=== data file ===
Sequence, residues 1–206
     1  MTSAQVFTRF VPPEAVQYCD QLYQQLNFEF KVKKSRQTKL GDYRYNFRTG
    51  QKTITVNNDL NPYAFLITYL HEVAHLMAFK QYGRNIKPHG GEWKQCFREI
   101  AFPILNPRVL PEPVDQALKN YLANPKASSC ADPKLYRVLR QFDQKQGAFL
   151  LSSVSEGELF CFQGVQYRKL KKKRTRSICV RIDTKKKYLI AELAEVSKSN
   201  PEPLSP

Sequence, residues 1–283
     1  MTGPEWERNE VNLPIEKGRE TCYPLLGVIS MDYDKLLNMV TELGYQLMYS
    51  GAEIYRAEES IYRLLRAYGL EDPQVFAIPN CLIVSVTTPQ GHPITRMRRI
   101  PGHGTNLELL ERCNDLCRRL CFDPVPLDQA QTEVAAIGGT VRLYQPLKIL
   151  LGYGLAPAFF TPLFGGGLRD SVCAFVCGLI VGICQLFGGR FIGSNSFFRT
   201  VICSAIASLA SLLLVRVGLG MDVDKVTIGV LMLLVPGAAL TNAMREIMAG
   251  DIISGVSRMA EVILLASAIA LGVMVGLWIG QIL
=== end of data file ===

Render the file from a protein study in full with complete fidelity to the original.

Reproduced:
Sequence, residues 1–206
     1  MTSAQVFTRF VPPEAVQYCD QLYQQLNFEF KVKKSRQTKL GDYRYNFRTG
    51  QKTITVNNDL NPYAFLITYL HEVAHLMAFK QYGRNIKPHG GEWKQCFREI
   101  AFPILNPRVL PEPVDQALKN YLANPKASSC ADPKLYRVLR QFDQKQGAFL
   151  LSSVSEGELF CFQGVQYRKL KKKRTRSICV RIDTKKKYLI AELAEVSKSN
   201  PEPLSP

Sequence, residues 1–283
     1  MTGPEWERNE VNLPIEKGRE TCYPLLGVIS MDYDKLLNMV TELGYQLMYS
    51  GAEIYRAEES IYRLLRAYGL EDPQVFAIPN CLIVSVTTPQ GHPITRMRRI
   101  PGHGTNLELL ERCNDLCRRL CFDPVPLDQA QTEVAAIGGT VRLYQPLKIL
   151  LGYGLAPAFF TPLFGGGLRD SVCAFVCGLI VGICQLFGGR FIGSNSFFRT
   201  VICSAIASLA SLLLVRVGLG MDVDKVTIGV LMLLVPGAAL TNAMREIMAG
   251  DIISGVSRMA EVILLASAIA LGVMVGLWIG QIL